It’s not every day that I pick up a book and literally cannot put it down. If I do, I end up carrying the book around the house and hide it in my purse so I can read it whenever I have a spare moment. Let the Sky Fall by Shannon Messenger is one of those books. I read this book over the course of two days. I was enthralled by how the plot was different than most young adult novels. I loved the characters and their progression throughout the story. In general, this was just a great book.
The story switches between Vane Weston and his mystery girl Audra. Vane has no memory of his childhood; the part from before he miraculously survived a tornado that destroyed everything around it, including his parents. All he remembers is a shadow of a girl with long black hair. Now, stuck in the desert, Vane finally gets to meet the enigma known as Audra. Vane doesn’t just meet Audra, but discovers that he and Audra are air elementals known as sylphs and not regular humans. They control the wind. Audra has sworn her life to protect Vane because he’s the last of his kind. Vane is the last western-wind speaking sylph and a very powerful enemy will do anything to learn Vane’s language of the western winds.
What I liked about this book was that it wasn’t about the typical young adult figures: vampires, witches, angels or demons. Let the Sky Fall broke out of the mold and offered a new mythical creature to YA literature. It was interesting to read about these new beings known as sylphs. The imagery of Audra and Vane controlling the wind and speaking to it was very beautiful. I felt like the description in the book was not over-powering but instead inspiring. I loved reading how much Audra loved the wind and how it spoke to her.
Of course, there is a love story, and a pretty good one at that. However, I think the love story was a bit predictable at times. I didn’t mind it though. I liked reading about a boy who had never been kissed and was fawning over his one true love. I liked that most of the romance was from the male point of view instead of the female. I also liked that Audra is portrayed as a strong young woman who can mostly take care of herself. It’s empowering to read her side of the story as she battles with themes such as honor, duty, and love.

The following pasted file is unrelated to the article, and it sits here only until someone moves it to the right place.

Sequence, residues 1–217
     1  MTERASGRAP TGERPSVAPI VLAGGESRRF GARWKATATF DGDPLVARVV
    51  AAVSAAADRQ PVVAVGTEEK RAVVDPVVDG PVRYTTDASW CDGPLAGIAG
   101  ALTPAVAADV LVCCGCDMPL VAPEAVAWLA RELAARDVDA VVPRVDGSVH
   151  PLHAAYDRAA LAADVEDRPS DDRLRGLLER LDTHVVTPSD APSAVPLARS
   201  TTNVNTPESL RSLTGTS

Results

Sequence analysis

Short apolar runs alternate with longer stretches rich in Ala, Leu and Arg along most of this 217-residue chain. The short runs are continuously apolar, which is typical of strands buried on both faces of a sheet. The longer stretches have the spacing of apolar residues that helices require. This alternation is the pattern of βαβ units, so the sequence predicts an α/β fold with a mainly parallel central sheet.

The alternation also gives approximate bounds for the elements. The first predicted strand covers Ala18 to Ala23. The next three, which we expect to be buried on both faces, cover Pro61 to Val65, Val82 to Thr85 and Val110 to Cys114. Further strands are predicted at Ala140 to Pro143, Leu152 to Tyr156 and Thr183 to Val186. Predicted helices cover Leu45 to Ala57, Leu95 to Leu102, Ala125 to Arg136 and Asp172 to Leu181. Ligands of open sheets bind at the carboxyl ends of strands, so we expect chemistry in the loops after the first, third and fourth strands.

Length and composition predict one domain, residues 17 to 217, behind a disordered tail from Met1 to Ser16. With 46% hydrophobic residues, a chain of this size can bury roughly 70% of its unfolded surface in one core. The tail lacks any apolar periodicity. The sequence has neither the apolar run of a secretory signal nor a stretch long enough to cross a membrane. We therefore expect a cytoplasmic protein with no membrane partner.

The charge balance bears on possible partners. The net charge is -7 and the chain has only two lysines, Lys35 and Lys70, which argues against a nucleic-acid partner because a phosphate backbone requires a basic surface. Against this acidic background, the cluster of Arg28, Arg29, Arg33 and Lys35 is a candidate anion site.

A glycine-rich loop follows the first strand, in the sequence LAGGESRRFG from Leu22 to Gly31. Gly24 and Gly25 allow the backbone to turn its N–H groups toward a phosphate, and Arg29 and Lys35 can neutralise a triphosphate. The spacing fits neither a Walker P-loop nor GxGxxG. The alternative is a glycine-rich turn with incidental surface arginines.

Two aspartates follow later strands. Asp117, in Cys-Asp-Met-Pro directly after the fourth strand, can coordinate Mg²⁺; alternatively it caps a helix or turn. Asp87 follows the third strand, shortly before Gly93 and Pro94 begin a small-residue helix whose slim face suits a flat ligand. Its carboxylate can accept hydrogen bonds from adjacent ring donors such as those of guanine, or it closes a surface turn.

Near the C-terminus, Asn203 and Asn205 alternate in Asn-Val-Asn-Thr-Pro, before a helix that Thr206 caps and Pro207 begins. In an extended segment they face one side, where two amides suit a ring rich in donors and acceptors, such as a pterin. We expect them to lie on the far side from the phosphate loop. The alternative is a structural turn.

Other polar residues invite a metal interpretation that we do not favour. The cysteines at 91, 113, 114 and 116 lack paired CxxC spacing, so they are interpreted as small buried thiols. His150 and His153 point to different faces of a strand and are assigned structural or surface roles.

I would definitely recommend this book to anyone who wants a good, fast read full of action, love, and a little suspense. Let the Sky Fall is a great read that had me entranced until the end. Luckily, this book is a part of a series, so, I won’t have to wait long for the next book. While the book leaves on a bit of a cliff hanger, it’s just enough to get me excited for the sequel.
Sarah Emily Lelonek has a BA in English Literature from Kent State University. She is planning on attending Graduate School for English Rhetoric and Composition. She enjoys traveling and gaming while on breaks from working on her novel.
Review copy was provided free of any obligation by Simon Pulse. No monetary or any other form of compensation was received.